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Power/Performance Bits: March 30


Harvesting body heat Researchers at University of Colorado Boulder, Harbin Institute of Technology, Southeast University, and Huazhong University of Science and Technology designed a stretchy thermoelectric generator that can be worn against the skin to power small wearable electronics using body heat. The stretchy material polyimine is used as the base of the device. A series of thin therm... » read more

Car Industry Changing Under The Hood


After an initial burst of autonomous activity, the automotive ecosystem regrouped, re-evaluated its goals, and is now ready to begin deploying new technologies made possible by modern development approaches and forward-looking vehicle architectures. The pandemic hurt vehicle sales in 2020, but it also gave the OEMs a chance to catch their breath. Panic over announcements from other carmakers... » read more

Enabling “Triple Vision” – LiDAR Technology For Safe Driving


Cars are becoming safer, thanks to Advanced Driver Assistance Systems (ADAS) features such as automatic emergency braking (AEB) and driver monitoring systems. These features are becoming ever more sophisticated, making automated driving robust. For instance, AEB began with merely watching cars in front. Now, it detects pedestrians, weaving traffic, cyclists, and objects in the road. Realizin... » read more

Manufacturing Bits: Nov. 25


Lidar-on-a-chip At the upcoming IEEE International Electron Devices Meeting (IEDM), Samsung will present a paper on the industry’s first single-chip lidar beam scanner. (Go to this link and then look for paper 7.2, “Single-Chip Beam Scanner with Integrated Light Source for Real-Time Light Detection and Ranging,” J. Lee et al, Samsung.) Lidar, or light imaging, detection, and ranging, ... » read more

Chips Good Enough To Bet Your Life On


Semiconductor Engineering sat down to discuss automotive electronics reliability with Jay Rathert, senior director of strategic collaborations at KLA; Dennis Ciplickas, vice president of advanced solutions at PDF Solutions; Uzi Baruch, vice president and general manager of the automotive business unit at OptimalPlus; Gal Carmel, general manager of proteanTecs' Automotive Division; Andre van de ... » read more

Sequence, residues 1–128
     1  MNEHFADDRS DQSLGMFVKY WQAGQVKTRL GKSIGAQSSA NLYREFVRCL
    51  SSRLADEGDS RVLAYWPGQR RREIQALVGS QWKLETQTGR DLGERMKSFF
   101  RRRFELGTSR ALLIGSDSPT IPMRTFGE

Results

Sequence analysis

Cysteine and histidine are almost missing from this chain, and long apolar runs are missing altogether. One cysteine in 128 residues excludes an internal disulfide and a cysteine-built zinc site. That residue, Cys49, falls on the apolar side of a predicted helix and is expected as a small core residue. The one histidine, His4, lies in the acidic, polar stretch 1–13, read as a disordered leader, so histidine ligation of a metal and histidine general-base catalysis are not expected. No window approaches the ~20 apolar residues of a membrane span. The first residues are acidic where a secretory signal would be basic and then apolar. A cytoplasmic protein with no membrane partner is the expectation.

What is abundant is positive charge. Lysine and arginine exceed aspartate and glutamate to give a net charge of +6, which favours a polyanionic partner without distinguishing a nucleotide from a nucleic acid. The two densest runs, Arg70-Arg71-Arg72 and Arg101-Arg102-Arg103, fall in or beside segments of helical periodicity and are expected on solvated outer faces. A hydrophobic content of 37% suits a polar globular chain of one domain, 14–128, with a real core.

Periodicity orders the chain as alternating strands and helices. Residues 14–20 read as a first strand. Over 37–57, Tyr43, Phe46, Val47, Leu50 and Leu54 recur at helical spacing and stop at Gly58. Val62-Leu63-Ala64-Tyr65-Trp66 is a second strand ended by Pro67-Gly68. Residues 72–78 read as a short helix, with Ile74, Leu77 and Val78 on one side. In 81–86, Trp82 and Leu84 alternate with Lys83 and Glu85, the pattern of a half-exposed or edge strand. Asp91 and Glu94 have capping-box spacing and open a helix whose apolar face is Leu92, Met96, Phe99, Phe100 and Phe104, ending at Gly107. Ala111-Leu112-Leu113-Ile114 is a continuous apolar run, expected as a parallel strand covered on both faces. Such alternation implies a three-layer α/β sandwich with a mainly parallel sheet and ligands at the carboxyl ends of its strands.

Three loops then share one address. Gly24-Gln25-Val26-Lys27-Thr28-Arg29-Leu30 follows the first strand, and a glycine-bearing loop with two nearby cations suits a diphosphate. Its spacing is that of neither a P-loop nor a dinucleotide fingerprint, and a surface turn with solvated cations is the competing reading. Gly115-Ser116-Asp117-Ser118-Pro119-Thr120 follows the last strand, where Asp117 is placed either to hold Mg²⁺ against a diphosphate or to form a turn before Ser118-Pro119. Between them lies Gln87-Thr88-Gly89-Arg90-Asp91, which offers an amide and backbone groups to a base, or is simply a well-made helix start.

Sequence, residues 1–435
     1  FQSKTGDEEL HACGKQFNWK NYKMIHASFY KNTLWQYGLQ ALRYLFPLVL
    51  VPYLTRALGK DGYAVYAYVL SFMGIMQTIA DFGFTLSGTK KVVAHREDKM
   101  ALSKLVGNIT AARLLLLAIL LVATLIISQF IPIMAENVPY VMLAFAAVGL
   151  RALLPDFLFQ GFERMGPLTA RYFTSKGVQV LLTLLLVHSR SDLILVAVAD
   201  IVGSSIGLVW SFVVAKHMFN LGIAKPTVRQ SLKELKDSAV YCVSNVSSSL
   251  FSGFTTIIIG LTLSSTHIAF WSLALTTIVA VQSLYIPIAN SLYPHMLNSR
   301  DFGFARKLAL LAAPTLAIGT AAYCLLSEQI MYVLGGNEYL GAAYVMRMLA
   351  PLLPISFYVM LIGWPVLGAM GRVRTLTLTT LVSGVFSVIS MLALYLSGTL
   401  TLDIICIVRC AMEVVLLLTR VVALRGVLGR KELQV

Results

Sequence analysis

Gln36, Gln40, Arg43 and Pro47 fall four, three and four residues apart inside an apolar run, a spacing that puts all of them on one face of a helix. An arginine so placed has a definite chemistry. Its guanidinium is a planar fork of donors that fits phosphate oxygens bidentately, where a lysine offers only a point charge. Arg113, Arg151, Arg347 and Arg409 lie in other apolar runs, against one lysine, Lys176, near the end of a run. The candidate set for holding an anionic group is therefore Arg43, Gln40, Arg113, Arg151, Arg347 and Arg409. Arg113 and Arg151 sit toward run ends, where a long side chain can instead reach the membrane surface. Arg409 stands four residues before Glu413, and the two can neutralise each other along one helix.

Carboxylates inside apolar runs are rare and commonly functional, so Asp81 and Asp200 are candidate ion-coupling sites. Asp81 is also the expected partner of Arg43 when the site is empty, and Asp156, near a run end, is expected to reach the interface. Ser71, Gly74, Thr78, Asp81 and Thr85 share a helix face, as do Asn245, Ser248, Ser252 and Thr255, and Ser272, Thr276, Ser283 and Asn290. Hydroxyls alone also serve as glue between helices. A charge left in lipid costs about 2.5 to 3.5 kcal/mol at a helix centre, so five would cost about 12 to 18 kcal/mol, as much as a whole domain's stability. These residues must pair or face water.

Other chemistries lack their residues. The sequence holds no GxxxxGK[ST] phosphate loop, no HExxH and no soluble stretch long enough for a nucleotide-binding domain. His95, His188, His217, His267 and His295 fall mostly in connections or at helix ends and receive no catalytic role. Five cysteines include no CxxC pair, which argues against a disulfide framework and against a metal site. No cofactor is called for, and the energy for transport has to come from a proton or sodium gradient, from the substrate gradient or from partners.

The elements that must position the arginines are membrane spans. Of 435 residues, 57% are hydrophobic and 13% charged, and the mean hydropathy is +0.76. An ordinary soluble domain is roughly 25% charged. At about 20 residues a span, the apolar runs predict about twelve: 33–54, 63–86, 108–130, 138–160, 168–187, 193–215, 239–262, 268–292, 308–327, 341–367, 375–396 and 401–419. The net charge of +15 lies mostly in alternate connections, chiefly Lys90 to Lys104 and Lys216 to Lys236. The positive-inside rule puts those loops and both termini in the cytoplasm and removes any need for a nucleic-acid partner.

Power/Performance Bits: Sept. 15


Higher-res lidar Researchers from Purdue University and École Polytechnique Fédérale de Lausanne (EPFL) devised a way to improve lidar and provide higher-resolution detection of nearby fast-moving objects through mechanical control and modulation of light on a silicon chip. "Frequency modulated continuous wave" (FMCW) lidar detects objects by scanning laser light from the top of a vehicl... » read more

Power/Performance Bits: June 30


Up-converting lasers Researchers at the University of Pennsylvania developed a filter chip that can convert the output from low-cost lasers to have the same frequency noise as big, expensive lasers, making them suitable for applications such as LiDAR. The noise in a laser's frequency is an important indicator of quality. Low-quality, noisy lasers have more random variations, making them use... » read more

Week In Review: Auto, Security, Pervasive Computing


An effort to fund U.S. science and technology initiatives with at least $100 billion is getting a thumbs up from the SIA (Semiconductor Industry Association). The Endless Frontier Act —  a bipartisan, bicameral bill introduced on Thursday in the U.S. House of Representatives — will invest money into semiconductor research and development and other related fields such as material science, q... » read more

Tracking Automotive’s Rapidly Shifting Ecosystem


The automotive ecosystem is becoming much harder to navigate as automakers, Tier 1s and IP vendors redefine their relationships based upon shifting value caused by an rapidly expanding amount of increasingly interdependent and complex electronic content. Predictions of massive change started almost a decade ago with a number of pilot programs around autonomous vehicles. But those shifts real... » read more

New Architectural Issues Facing Auto Ecosystem


As chips bound for the automotive world move to small process nodes, including 5nm and below, the automotive ecosystem is wrestling with both scaling issues and challenges related to architecting safety-critical systems using fewer chips. This may sound counterintuitive, because one of the main reasons automotive chip providers are moving to smaller nodes is to reduce the number of chips in ... » read more

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